Who in the middle of the night will write poetry
imagining a rain forest replacing wild flowers
in your terrace garden, a banana fish floating
past your bedroom windows, or notice the
thin stem green plant bending its neck
toward your reading lamp dropping
leaves on the novel that pleased
I am the witness so solidly framed
by my own illusions you have to
take your tongue out of its
metal lock box and swat
me down like a fly.
Flee or stay, but do
not speak of taking
me down the river
in your leaky
I have sailed grand canals
when students marched
carried guns without
bullets, wrote poems
on planks of wood
And the beautiful young girl?
“Slugged shots of whiskey, tasted dry kisses
felt sharp teeth pierce my tongue.”
While strangers waited at the entrance
to your golden shore.
“I remember a beautiful boy with dark eyes
and black hair. He spotted me smoking
behind the tiny cinema on rue michel.”
“Gitanes,” I said. “Were you smoking
“Gauloises” more likely,” she said.
“I let him fuck me against the wall.
I told him I loved him in French.
My accent merged with his.
I didn’t change anything
for a week. No, I’m
lying, three days.”
She laughed bringing it all back lifting
her spirits off the mountain above
the sea a mile from her cottage
once a retreat.
Turning my own memories over and over
again like a brown postcard with faded
ink, I cannot recall one as luminous
as those of a stranger.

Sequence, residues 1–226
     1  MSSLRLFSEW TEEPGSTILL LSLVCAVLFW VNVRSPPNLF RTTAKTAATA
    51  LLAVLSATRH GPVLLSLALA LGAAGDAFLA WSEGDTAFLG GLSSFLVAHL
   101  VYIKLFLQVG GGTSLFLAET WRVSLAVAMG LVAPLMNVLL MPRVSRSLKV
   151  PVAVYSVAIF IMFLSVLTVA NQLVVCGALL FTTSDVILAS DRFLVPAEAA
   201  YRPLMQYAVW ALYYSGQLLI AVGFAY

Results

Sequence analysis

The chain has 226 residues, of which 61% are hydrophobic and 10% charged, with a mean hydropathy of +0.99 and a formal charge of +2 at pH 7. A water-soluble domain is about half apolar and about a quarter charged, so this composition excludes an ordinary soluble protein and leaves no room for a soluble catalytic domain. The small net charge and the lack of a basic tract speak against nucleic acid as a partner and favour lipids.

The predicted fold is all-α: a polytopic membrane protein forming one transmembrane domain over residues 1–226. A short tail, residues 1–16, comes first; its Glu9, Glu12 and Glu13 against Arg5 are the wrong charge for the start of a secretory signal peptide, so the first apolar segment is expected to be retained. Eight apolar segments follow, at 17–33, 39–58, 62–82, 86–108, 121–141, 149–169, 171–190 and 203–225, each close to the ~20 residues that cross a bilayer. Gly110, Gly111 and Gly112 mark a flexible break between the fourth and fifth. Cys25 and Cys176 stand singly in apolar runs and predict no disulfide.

a body is a body on a photograph
A yellow swash of paint on the doorjamb.
A key attached to a sterling silver chain lost
on a trip abroad found three years later inside
a suitcase saved from getting lost on another trip
with a lover, lost now, instead.
A blue pillowcase with one or two dark stains could be
but are not dried tears. A nappy threadbare hand towel
with fading crocheted pink roses as hard as bristles
scratch the face.
A photograph of four strangers all dead.
A photograph inside a cracked glass frame
two thin women smile against a sterling blue
sea, corduroy blazers, brown clogs, two scarves
turtlenecks, pink lips, dark hair blowing away from
their cold faces.
A brown wedding photograph with the date—1944
etched below swirls of yellow satin.
A Bride. A Groom. Both dead.
A photograph with a date in the corner 1972
A photograph with a date in the corner 1984
A photograph with a date in the corner 1995
A photograph forgotten between the pages
of a novel; the oversize glasses, wide lapels
padded shoulders, circa 1982.
A photograph lying flat on a shelf, the boy 2-years old
4, 7, 9 fishing in Hawaii with his father. His father also
sucked his thumb until the age of 9 lying on top of a
A guest, a lover, friend stand at the mantle and politely ask,
“Who are these dead people inside the brown frame
holding the family together?”
“Mother, Father, three aunts, three uncles, one cousin
and a young husband still flushed from his recent honeymoon.”
I move the dust along from one photograph to the other without
noticing almost sixty years has passed.
About Cooper Sy
Cooper Sy is a writer, makes films, and draws cartoons. She moved to Los Angeles in 1984 with her small son to attend the American Film Institute as a Directing Fellow. When she arrived in Hollywood, the door to her 1973 Dodge Swinger fell off. She soon learned that one’s car determines your cache in southern California. Nevertheless, standing on top of the AFI’s terrace at magic hour overlooking the lights of Hollywood, she thought she had died and gone to heaven. Hopeful, ecstatic, and certain she was close to becoming famous, she surrendered to everything that had to do with making movies. Thanks to the talented and generous people she’s worked with her soul and creativity are still intact. She’s finishing two novels — #1 about academia, and #2 a murder mystery set in the strange and edgy town of San Pedro, CA.